Connie Eaves: 20Q20
Distinguished Scientist, Terry Fox Laboratory, BC Cancer Research Institute Professor, Medical Genetics, University of British Columbia
20 questions with Connie Eaves
1. Where were you born?
I was born in Ottawa, but grew up in Kingston, Ontario.
2. Where did you go to school?
I went to school in Kingston, first to public school and then to the only high school at the time — the Kingston Collegiate and Vocational Institute (KCVI). I undertook my undergrad and master’s degrees at Queen’s University also in Kingston. I then went to the United Kingdom where I obtained a PhD in immunology from the University of Manchester based on research I undertook in the Paterson Laboratories of the Christie Hospital and Holt Radium Institute. In the UK, the practice was you could do your PhD research almost anywhere in an academically approved environment. There were no course requirements, no committees and no other oversight, except for the interactions with your thesis supervisor. I worked with Professor Laszlo Lajtha, already a distinguished hematologist interested in stem cells and first Director of the Paterson Laboratories. He also coined the term Gº to uniquely identify quiescent cells that could still be activated to proliferate. After completing my PhD, I stayed on an extra year to wrap up. I then returned to Toronto in 1970 where I had the good fortune to become a postdoctoral fellow at the Ontario Cancer Institute (OCI) with Dr. James Till.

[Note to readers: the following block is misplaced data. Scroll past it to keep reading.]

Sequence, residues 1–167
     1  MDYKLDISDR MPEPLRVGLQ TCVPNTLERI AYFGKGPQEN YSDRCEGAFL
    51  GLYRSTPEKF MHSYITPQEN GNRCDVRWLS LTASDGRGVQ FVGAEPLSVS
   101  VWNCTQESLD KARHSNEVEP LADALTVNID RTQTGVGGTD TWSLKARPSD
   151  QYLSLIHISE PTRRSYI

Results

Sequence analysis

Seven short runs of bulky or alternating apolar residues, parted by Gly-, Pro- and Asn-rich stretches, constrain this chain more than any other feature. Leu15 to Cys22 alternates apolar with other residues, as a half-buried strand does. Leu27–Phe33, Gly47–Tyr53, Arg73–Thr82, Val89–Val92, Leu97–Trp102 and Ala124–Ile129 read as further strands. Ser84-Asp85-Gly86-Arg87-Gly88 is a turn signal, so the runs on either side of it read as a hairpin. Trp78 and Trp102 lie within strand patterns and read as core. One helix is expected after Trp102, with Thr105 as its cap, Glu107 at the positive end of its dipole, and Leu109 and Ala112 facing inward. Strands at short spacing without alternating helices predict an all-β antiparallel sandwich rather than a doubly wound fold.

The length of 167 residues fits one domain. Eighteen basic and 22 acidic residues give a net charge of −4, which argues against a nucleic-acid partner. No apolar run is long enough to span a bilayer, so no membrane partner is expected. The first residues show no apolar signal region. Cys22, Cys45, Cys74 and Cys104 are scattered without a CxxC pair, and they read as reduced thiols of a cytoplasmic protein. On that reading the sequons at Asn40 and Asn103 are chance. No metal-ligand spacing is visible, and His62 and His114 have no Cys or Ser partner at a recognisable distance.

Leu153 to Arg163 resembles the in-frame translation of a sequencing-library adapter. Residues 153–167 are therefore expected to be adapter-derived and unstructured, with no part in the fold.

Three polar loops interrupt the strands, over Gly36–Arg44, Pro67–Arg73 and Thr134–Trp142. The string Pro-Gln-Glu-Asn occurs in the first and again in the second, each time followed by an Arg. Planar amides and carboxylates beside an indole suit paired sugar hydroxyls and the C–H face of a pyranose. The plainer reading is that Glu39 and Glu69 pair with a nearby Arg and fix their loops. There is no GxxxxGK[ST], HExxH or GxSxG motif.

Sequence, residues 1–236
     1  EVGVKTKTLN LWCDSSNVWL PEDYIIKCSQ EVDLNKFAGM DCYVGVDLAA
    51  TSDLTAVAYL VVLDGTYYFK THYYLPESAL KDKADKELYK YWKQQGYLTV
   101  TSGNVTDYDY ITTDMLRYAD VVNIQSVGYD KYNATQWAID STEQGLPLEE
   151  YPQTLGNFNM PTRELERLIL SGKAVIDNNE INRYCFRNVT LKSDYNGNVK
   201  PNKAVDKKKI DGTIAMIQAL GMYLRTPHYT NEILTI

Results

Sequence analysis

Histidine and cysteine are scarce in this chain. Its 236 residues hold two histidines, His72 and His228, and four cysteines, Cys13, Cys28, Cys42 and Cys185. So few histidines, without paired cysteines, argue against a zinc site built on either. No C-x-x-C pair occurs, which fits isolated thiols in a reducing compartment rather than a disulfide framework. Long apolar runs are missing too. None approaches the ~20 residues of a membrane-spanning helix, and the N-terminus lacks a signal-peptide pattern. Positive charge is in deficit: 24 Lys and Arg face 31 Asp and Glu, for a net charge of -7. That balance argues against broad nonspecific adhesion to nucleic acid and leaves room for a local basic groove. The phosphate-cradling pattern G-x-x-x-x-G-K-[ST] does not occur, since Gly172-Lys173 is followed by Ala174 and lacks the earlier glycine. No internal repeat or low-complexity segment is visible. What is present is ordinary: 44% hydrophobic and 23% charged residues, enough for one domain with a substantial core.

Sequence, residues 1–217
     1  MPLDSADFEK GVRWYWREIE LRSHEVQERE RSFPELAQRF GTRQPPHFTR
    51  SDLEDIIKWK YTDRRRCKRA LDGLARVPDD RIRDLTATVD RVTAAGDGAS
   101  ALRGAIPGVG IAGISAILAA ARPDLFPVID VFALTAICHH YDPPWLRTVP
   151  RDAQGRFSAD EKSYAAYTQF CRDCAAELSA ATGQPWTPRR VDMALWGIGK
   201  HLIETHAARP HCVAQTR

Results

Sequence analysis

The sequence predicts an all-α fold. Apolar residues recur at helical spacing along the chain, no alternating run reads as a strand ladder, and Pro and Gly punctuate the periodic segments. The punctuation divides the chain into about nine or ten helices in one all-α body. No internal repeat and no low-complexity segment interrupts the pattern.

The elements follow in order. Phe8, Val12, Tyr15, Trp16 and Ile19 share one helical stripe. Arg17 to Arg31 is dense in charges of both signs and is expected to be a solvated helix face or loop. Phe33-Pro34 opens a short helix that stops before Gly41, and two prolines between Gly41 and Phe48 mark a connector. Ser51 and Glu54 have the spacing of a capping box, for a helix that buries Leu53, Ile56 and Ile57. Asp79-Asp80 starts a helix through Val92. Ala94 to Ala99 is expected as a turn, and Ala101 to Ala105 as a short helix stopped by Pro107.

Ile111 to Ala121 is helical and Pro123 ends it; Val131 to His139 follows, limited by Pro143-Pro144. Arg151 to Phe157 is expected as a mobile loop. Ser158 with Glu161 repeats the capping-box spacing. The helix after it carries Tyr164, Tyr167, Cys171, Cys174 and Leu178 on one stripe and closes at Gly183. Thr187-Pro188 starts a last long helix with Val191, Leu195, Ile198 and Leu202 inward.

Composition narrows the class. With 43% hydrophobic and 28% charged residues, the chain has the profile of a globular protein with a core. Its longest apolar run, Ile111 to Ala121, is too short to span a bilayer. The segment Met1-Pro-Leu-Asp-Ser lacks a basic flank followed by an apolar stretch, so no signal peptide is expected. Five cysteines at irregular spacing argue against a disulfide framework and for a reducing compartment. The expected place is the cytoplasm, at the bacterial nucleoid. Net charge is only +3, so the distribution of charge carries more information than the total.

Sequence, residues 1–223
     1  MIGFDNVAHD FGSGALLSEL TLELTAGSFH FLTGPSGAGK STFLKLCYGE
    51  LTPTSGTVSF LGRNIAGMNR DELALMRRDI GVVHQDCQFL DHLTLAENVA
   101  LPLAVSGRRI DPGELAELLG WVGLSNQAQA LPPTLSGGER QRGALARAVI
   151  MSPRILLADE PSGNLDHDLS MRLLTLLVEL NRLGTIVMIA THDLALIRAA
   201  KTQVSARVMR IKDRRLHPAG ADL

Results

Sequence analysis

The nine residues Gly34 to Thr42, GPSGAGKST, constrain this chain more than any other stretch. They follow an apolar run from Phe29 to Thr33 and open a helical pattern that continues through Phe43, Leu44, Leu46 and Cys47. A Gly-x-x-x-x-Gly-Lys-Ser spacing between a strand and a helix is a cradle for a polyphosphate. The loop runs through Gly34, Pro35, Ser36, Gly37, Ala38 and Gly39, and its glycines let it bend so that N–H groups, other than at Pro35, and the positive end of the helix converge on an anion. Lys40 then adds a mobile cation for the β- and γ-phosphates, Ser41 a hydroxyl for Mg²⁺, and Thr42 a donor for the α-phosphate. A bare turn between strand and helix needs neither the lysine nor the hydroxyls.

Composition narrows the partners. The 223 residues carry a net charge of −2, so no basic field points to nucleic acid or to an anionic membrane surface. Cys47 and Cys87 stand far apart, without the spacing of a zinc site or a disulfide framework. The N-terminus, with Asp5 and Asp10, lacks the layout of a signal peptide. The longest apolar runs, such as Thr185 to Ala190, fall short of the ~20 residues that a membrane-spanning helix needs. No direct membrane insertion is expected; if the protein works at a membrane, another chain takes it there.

Read the full interview here.
Published December 2021.